In Choosing Kamala Harris, Biden Follows Barack Obama’s Path

Many in the U.S. are celebrating the selection of the first Black woman as a vice presidential running mate as a victory for diversity. But she is likely to be a very awkward vice president, and represents a great danger to the presumptive Democratic presidential nominee, Joe Biden.

Although it was not unexpected, Joe Biden’s choice of Sen. Kamala Harris as his vice presidential running mate stirred up more fuss in the U.S. than usual. After all, the decision is historic in many respects. Harris is the first Black woman to be chosen for the position, and thanks to her Indian mother, she is also the first woman of Asian descent to be a vice presidential candidate.

At the same time, Harris is married to a white Jewish man and has Jewish stepchildren. There could hardly be more diversity. Harris, the daughter of immigrants from Jamaica and India, thus represents in many respects the noble idea of America that so often clashes with reality: a colorful, diverse, immigrant society in which anyone can reach the top as long as one works hard enough.

Her skin color makes Harris a symbol at a time when America is being unsettled once again by racial discrimination, and as the left is entirely concerned with identity politics. In that context, one somewhat overlooks the fact that Harris brings with her many more qualities other than her skin color, and what her nomination says about Biden and his character.

Because, in fact, if Biden wins, Harris would not be a comfortable vice president. The equally sharp-witted and sharp-tongued former state attorney general is the most ambitious politician among the women Biden had on his short list.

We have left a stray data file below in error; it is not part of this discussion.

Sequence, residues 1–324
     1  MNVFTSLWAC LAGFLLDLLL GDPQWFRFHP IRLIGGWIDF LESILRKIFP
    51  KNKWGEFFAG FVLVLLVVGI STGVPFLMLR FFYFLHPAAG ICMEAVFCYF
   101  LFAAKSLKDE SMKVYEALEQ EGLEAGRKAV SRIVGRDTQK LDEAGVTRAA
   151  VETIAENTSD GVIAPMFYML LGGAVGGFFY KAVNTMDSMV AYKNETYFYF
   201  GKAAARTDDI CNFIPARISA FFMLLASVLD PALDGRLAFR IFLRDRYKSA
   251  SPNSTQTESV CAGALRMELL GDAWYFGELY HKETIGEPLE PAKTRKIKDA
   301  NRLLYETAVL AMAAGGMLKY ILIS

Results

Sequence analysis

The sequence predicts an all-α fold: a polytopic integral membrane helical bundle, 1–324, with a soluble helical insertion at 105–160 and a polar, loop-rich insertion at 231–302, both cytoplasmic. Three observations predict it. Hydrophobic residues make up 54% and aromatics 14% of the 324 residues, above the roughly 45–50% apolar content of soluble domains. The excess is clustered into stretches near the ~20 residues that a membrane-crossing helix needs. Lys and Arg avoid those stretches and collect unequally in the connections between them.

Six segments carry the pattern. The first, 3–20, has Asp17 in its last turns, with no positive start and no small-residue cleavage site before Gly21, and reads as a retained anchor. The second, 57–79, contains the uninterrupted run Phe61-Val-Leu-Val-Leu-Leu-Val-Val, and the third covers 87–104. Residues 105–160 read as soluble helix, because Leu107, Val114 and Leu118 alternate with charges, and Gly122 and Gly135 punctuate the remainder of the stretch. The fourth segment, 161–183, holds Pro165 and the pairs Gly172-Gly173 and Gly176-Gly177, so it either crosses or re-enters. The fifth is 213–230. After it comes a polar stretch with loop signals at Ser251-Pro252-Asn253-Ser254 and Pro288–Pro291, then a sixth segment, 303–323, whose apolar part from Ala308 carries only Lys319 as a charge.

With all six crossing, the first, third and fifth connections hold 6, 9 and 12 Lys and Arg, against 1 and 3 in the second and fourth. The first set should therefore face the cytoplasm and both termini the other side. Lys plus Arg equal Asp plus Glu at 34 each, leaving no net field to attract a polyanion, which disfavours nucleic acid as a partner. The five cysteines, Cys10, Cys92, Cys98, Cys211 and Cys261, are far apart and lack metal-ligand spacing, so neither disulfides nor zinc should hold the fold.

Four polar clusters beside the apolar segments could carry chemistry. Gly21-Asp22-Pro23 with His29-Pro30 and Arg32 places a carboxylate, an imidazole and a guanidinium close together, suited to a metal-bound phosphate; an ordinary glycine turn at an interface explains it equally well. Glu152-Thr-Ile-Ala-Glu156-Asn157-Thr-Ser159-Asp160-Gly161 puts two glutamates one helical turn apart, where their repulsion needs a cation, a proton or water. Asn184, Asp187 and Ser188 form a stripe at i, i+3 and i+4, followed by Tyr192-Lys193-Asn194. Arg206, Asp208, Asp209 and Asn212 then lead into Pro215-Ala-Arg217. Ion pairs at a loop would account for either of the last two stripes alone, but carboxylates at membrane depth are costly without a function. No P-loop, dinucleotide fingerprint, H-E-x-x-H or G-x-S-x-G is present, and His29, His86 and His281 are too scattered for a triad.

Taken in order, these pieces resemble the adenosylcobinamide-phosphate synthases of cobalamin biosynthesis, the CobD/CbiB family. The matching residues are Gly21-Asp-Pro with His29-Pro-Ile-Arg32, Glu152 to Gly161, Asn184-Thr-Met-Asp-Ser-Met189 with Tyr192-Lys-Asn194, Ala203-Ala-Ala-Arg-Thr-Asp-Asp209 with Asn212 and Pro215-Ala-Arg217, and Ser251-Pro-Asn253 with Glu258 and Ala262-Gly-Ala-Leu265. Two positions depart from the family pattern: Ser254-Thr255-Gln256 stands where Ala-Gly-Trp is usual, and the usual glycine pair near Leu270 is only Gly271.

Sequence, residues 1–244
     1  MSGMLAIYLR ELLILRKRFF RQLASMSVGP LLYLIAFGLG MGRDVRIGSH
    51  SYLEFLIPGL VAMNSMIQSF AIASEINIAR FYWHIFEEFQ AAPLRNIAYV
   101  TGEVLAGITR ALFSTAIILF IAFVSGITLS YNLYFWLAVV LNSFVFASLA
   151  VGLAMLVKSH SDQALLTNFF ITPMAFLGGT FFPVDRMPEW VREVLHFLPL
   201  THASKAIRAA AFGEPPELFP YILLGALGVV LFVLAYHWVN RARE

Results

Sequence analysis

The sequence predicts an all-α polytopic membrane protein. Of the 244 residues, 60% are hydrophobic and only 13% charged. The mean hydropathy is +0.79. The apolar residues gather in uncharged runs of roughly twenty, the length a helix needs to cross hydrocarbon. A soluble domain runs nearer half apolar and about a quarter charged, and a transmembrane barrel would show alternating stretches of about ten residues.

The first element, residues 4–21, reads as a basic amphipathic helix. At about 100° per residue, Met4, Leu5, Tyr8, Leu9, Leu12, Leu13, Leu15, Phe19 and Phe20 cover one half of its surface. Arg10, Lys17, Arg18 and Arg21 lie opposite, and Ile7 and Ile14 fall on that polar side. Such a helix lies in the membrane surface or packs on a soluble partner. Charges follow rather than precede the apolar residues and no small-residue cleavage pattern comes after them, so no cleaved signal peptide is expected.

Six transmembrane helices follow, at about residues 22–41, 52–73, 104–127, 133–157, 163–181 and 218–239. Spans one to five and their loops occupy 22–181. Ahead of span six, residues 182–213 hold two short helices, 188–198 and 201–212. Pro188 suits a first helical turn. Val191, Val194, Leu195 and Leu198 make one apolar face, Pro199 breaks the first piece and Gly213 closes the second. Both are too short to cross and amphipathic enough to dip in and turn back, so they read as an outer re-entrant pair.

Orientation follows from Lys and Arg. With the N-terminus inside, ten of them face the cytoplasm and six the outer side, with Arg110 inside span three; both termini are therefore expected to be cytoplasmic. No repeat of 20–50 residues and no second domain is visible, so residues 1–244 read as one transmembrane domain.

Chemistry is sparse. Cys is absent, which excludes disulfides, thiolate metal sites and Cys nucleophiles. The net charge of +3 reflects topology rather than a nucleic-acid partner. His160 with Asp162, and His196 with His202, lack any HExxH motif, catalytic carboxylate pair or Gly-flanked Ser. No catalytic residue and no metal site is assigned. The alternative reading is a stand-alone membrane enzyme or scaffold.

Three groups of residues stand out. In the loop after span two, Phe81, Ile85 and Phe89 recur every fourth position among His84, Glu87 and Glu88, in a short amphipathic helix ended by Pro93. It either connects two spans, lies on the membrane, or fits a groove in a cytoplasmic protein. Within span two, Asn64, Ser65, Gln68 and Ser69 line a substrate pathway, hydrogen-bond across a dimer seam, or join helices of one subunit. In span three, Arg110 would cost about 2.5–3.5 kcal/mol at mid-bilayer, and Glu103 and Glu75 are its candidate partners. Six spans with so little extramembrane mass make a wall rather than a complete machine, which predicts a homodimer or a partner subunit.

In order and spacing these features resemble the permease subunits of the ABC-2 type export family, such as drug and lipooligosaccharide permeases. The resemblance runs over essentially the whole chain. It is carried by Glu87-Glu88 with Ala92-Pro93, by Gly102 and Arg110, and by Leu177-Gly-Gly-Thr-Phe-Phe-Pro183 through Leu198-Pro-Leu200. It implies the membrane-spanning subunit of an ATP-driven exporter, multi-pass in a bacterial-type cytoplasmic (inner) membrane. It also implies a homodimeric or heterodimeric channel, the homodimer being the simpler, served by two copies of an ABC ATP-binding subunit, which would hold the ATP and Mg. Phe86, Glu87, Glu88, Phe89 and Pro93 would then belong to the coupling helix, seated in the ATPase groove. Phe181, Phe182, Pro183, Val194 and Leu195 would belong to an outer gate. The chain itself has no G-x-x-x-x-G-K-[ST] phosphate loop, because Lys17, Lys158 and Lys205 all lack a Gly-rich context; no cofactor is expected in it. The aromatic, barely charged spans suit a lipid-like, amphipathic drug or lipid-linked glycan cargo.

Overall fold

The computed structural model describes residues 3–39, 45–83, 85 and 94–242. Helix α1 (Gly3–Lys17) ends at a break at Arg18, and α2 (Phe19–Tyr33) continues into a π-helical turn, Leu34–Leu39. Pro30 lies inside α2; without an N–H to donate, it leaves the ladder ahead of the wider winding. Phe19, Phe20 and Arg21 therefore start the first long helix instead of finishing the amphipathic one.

In the primaries, she created difficulty for Biden when she strongly attacked him during televised debates, thus contributed to the long period in which a question mark hung over Biden’s candidacy.

For many, Harris represents the future of the Democratic Party, and she would use the office of vice president to prepare for her own presidential candidacy. The danger that presents for Biden is that this young and energetic woman will outshine him in the second half of his term in order to raise her own profile.

Of course, Biden knows all of that as someone who has been in the business of politics longer than anyone else in the U.S. And yet he was confident enough to name this strong woman as his No. 2. That reminds one a little bit of Biden’s former boss, Barack Obama.

With Biden, Obama also named a staunch intraparty opponent as his vice president and surrounded himself with strong personalities during his first term. Obama’s first cabinet was often described as a “team of rivals,” in reference to Abraham Lincoln’s cabinet. By nominating Harris, Biden is following a similar path.

Biden also represents a contrast to Trump with respect to character. The narcissist in the White House is an erratic, unstable personality. He cannot stand strong women and cannot bear it when others in his government occupy the spotlight.

For any leading member of the Trump administration, too much media attention is normally a sign that they will soon be fired. The fact that Mike Pence is again running as the vice presidential candidate for Trump’s possible second term is primarily thanks to his outstanding ability to stay in the background, and loyally submit to the president.

Biden is often described as too old and uninspiring. But after Trump’s erratic presidency, America needs someone who can bring calm and confidence to the office. And if Trump’s presidency has demonstrated anything, it’s this: Questions of character are much more important in politics than we generally assume. And the more powerful the office, the more the personality of its occupant is determinative.

In choosing Harris, Biden has now shown that he is confident enough about having strong personalities — and a strong woman — around him. And that is already much more than can be said about the current officeholder.

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